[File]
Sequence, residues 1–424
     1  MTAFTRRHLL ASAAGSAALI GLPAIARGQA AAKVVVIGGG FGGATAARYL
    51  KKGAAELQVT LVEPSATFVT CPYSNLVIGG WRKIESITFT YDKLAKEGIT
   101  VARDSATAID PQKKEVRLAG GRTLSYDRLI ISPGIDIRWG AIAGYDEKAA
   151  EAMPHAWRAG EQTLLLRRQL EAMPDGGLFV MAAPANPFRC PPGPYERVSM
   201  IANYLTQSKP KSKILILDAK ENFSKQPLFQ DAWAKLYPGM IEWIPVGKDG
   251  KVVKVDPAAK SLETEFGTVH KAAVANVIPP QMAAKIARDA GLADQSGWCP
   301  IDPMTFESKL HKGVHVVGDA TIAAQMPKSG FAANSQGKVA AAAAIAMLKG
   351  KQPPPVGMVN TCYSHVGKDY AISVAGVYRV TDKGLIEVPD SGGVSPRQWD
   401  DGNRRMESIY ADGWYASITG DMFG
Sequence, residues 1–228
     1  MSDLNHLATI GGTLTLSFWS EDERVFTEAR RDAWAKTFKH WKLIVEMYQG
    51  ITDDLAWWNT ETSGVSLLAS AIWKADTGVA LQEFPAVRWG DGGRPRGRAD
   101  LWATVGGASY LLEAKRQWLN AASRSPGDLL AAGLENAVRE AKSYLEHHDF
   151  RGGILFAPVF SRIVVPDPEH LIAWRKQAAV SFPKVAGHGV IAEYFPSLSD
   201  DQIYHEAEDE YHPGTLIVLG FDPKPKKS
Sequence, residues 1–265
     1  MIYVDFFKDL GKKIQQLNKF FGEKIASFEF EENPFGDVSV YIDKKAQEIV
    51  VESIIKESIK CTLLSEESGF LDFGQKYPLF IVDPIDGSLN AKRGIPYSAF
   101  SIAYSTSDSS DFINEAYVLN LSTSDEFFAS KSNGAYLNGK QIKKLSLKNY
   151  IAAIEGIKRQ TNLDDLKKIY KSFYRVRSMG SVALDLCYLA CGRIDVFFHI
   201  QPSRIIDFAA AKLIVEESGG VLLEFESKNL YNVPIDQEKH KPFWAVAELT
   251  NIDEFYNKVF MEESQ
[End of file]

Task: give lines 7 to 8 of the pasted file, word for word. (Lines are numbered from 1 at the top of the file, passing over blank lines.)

   251  KVVKVDPAAK SLETEFGTVH KAAVANVIPP QMAAKIARDA GLADQSGWCP
   301  IDPMTFESKL HKGVHVVGDA TIAAQMPKSG FAANSQGKVA AAAAIAMLKG